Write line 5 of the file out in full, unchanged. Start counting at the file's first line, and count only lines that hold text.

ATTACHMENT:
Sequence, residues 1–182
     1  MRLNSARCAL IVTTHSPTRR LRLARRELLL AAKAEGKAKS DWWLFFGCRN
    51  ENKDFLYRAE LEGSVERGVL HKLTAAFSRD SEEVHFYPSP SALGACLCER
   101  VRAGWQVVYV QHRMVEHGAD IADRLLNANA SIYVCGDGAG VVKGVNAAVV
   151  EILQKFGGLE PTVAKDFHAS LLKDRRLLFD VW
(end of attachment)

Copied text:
   151  EILQKFGGLE PTVAKDFHAS LLKDRRLLFD VW